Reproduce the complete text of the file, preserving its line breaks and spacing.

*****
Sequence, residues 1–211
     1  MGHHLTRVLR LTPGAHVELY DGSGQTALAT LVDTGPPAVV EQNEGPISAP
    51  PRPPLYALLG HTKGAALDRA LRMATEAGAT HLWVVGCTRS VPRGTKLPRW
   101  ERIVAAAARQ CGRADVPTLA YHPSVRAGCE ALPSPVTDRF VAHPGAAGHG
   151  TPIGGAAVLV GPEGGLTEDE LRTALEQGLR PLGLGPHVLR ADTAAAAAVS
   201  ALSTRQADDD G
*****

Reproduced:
Sequence, residues 1–211
     1  MGHHLTRVLR LTPGAHVELY DGSGQTALAT LVDTGPPAVV EQNEGPISAP
    51  PRPPLYALLG HTKGAALDRA LRMATEAGAT HLWVVGCTRS VPRGTKLPRW
   101  ERIVAAAARQ CGRADVPTLA YHPSVRAGCE ALPSPVTDRF VAHPGAAGHG
   151  TPIGGAAVLV GPEGGLTEDE LRTALEQGLR PLGLGPHVLR ADTAAAAAVS
   201  ALSTRQADDD G